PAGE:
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Exploring relationships between autism spectrum disorder symptoms and eating disorder symptoms in adults with anorexia nervosa: A network approach

Research output: Contribution to journalArticle

Original languageEnglish
JournalFrontiers in Psychiatry
Early online date12 May 2020
DOIs
Publication statusE-pub ahead of print - 12 May 2020

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Abstract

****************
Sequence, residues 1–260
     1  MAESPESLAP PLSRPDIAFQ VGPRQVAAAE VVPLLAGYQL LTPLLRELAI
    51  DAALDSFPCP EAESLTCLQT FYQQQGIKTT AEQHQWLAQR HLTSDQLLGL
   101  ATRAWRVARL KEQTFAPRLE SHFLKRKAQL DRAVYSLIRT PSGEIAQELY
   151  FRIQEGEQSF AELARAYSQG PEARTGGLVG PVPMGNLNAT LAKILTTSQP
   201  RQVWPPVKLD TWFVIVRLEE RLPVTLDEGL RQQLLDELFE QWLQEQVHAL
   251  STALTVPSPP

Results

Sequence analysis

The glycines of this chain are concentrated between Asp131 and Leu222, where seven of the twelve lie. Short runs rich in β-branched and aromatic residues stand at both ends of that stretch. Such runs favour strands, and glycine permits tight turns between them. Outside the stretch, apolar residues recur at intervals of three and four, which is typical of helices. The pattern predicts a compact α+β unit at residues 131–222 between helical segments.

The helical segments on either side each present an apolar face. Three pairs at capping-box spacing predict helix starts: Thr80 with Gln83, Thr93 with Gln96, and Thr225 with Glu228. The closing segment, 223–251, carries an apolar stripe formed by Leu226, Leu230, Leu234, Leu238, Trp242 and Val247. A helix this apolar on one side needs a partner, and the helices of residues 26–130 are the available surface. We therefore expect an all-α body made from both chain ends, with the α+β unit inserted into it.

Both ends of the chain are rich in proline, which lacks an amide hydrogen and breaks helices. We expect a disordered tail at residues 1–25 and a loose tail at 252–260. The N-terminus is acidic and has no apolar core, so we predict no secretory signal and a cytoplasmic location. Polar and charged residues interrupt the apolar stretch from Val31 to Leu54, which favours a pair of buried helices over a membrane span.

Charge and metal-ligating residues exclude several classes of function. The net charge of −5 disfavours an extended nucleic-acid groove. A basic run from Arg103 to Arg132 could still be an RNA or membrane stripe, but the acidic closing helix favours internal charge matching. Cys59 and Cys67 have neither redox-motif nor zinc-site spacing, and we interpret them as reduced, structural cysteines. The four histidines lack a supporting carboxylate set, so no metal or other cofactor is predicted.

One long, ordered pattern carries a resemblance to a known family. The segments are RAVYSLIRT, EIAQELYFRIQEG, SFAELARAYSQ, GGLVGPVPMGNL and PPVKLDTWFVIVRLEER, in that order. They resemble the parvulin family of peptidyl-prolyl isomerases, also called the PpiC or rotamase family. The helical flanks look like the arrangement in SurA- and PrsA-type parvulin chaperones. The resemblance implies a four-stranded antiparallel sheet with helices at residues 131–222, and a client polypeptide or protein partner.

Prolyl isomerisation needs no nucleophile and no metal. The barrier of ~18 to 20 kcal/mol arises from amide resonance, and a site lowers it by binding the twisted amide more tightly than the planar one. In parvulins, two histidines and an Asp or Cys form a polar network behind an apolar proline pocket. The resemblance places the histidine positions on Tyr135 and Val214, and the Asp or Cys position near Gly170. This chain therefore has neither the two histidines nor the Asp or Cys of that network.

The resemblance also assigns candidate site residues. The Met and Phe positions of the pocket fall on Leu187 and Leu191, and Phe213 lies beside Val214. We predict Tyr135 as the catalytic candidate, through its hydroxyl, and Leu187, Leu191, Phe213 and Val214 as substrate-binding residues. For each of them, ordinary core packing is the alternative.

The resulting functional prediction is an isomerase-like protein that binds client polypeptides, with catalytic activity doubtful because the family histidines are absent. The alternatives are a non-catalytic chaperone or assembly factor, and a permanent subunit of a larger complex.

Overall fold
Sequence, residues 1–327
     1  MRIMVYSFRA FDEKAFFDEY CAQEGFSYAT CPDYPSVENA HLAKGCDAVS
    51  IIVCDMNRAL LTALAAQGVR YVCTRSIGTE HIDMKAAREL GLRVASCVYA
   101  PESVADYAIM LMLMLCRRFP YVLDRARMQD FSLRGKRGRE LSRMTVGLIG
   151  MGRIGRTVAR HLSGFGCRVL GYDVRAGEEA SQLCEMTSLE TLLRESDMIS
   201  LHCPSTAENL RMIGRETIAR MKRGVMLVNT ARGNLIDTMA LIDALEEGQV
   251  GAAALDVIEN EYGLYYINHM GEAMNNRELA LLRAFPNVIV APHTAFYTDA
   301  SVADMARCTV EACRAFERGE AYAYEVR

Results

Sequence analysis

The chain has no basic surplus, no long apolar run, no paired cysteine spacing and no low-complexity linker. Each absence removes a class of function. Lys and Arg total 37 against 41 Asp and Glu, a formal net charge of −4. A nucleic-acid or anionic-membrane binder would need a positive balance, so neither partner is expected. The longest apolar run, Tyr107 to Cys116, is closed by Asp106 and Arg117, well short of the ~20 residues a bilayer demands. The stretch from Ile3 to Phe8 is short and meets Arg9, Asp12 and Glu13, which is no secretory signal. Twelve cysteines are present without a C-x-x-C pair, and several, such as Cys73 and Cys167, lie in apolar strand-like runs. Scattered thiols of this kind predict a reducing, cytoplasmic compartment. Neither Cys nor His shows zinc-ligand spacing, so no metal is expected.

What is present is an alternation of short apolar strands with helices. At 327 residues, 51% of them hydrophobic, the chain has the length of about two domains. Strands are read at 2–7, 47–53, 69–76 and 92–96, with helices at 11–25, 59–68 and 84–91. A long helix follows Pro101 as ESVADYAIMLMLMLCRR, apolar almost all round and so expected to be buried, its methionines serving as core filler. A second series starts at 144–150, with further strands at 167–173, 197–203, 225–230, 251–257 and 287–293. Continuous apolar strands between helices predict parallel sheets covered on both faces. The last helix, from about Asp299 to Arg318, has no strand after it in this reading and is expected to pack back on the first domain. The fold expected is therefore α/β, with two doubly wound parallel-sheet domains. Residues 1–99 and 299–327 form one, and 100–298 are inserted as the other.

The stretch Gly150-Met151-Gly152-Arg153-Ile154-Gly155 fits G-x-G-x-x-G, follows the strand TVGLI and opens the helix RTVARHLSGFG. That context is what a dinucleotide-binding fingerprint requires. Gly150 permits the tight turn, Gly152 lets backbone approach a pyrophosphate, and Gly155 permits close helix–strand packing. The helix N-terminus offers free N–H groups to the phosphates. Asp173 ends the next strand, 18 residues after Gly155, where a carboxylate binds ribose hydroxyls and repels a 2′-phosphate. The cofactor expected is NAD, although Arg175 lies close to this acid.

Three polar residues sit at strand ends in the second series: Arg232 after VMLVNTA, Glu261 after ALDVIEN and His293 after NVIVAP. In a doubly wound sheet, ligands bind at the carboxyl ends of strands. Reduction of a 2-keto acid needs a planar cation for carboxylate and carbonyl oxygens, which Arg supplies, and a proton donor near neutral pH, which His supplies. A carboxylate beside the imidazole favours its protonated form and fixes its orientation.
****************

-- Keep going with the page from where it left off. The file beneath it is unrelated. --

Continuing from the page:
Over the past few decades, research has accumulated to suggest a relationship between anorexia nervosa (AN) and autism spectrum disorder (ASD). Elevated ASD traits are present in around one third of those with AN, and there is some evidence to suggest that ASD traits are associated with more severe eating disorder (ED) psychopathology. The current study aimed to examine relationships between ED and ASD symptoms in individuals with a lifetime history of AN using network analysis. One hundred and one participants completed the Eating Disorder Examination Questionnaire (EDE-Q) and the Social Responsiveness Scale (SRS-2). A regularized partial correlation network was estimated using a graphical least absolute shrinkage and selection operator. Expected influence (EI) and bridge EI values were calculated to identify central and bridge symptoms respectively. Isolation, difficulties with relating to others, and feelings of tension during social situations were most central to the network, while poor self-confidence, concerns over eating around others, and concerns over others seeing one's body were the strongest bridge symptoms. Our findings confirm that interpersonal problems are central to ED psychopathology. They also suggest poor self-confidence and social anxiety-type worries may mediate the relationship between ED and ASD symptoms in those with a lifetime diagnosis of AN. Longitudinal studies examining fluctuations in symptoms over time may be helpful in understanding direction of causality.

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